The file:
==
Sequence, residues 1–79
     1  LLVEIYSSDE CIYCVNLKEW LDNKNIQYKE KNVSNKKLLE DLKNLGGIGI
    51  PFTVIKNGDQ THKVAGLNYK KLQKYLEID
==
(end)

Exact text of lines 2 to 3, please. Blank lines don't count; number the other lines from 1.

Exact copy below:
     1  LLVEIYSSDE CIYCVNLKEW LDNKNIQYKE KNVSNKKLLE DLKNLGGIGI
    51  PFTVIKNGDQ THKVAGLNYK KLQKYLEID